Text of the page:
On chemical bonding and electronic structure of graphene –metal contacts
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The nature of chemical bonding at graphene-metal interfaces is intriguing from a fundamental perspective and has great relevance for contacts to novel spintronics and high-frequency electronic devices. Here, we use near-edge X-ray absorption fine structure (NEXAFS) spectroscopy in conjunction with Raman spectroscopy and first-principles density functional theory to examine chemical bonding and perturbation of the π-electron cloud at graphene-metal interfaces. Graphene-metal bonding has been contrasted for graphene interfaced with single-crystalline metals, polycrystalline metal foils, and with evaporated metal overlayers and is seen to be strongest at the last noted interface. Strong covalent metal-d-graphene-π hybridization and hole doping of graphene is observed upon deposition of Ni and Co metal contacts onto graphene/SiO2and is significantly stronger for these metals in comparison to Cu. Of single-crystalline substrates, the most commensurate (111) facets exhibit the strongest interactions with the graphene lattice. First-principles electronic structure simulations, validated by direct comparison of simulated spectra with NEXAFS measurements, suggest that metal deposition induces a loss of degeneracy between the α- and β-graphene sublattices and that spin-majority and spin-minority channels are distinctly coupled to graphene, contributing to splitting of the characteristic π* resonance. Finally, the electronic structure of graphene is found to be far less perturbed by metal deposition when the π cloud is pinned to an underlying substrate; this remarkable behaviour of "sandwich" structures has been attributed to electronic accessibility of only one face of graphene and illustrates the potential for anisotropic functionalization. © 2013 The Royal Society of Chemistry.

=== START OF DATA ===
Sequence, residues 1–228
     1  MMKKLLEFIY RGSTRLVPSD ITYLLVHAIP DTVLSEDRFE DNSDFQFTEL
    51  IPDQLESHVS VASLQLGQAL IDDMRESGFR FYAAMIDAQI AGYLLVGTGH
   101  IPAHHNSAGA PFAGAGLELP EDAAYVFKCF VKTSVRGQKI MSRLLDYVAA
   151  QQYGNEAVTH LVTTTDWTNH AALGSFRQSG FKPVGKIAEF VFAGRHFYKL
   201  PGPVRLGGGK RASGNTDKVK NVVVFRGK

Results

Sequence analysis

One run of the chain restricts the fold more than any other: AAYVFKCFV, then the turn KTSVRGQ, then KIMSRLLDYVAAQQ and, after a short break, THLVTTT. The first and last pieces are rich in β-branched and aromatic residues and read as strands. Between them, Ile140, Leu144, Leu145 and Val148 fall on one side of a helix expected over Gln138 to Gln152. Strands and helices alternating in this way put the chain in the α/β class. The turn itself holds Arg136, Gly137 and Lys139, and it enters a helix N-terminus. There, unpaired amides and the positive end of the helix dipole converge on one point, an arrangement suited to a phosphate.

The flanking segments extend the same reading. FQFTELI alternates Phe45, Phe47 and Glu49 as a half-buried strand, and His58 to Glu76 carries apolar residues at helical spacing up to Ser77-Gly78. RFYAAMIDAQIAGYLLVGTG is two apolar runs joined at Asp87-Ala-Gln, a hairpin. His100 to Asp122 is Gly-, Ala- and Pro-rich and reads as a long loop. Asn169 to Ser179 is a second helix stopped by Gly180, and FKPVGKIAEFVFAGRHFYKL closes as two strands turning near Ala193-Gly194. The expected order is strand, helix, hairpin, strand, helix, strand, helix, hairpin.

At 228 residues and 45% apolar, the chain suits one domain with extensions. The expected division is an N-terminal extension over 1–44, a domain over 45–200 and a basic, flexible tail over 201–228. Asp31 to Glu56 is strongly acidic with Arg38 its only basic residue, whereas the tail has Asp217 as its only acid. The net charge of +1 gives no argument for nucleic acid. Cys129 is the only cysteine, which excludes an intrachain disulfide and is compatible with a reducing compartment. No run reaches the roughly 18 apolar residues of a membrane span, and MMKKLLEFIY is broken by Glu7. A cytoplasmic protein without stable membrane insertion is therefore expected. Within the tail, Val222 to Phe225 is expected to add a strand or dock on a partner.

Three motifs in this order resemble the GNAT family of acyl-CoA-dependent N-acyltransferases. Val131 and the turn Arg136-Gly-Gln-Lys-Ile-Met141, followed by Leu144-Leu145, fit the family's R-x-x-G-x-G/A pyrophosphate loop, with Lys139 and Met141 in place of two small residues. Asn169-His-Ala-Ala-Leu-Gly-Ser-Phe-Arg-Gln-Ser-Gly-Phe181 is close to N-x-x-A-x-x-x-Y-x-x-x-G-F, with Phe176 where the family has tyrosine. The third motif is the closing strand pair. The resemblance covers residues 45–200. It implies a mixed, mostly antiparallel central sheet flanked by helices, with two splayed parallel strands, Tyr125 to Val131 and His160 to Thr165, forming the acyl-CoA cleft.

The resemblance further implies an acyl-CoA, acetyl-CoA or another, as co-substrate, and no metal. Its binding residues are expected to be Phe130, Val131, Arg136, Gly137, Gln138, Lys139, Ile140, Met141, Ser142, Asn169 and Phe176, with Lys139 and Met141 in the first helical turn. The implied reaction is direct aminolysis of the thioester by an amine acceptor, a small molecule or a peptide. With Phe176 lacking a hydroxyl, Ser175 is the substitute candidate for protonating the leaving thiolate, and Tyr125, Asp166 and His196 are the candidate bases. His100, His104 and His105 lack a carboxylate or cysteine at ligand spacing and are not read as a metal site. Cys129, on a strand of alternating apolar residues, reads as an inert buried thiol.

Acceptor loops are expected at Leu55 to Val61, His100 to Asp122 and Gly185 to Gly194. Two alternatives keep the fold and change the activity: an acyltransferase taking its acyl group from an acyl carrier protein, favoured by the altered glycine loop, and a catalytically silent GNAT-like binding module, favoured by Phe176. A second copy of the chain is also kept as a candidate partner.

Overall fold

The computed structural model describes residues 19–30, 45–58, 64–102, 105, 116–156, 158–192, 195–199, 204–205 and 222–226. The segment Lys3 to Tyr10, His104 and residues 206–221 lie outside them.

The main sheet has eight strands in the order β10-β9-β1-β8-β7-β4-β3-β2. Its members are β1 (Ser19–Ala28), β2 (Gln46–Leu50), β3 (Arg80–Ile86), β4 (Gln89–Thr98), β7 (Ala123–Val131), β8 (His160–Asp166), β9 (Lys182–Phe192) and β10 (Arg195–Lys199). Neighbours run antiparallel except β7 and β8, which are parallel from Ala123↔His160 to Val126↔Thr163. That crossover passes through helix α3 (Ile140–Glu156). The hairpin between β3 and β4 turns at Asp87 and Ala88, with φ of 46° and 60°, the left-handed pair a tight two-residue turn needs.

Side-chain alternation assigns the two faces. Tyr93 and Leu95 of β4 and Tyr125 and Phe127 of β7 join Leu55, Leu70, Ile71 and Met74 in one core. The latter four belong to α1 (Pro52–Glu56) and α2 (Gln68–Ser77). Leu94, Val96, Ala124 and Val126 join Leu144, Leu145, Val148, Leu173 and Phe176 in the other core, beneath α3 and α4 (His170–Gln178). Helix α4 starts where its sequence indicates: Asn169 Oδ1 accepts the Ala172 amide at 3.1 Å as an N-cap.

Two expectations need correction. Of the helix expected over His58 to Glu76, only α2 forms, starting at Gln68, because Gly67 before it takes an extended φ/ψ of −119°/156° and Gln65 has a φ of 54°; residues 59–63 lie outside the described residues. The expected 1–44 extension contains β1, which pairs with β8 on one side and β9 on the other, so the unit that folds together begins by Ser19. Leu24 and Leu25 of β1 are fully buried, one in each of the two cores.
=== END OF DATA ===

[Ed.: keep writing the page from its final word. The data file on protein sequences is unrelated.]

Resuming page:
author list (cited authors)
Schultz, B. J., Jaye, C., Lysaght, P. S., Fischer, D. A., Prendergast, D., & Banerjee, S.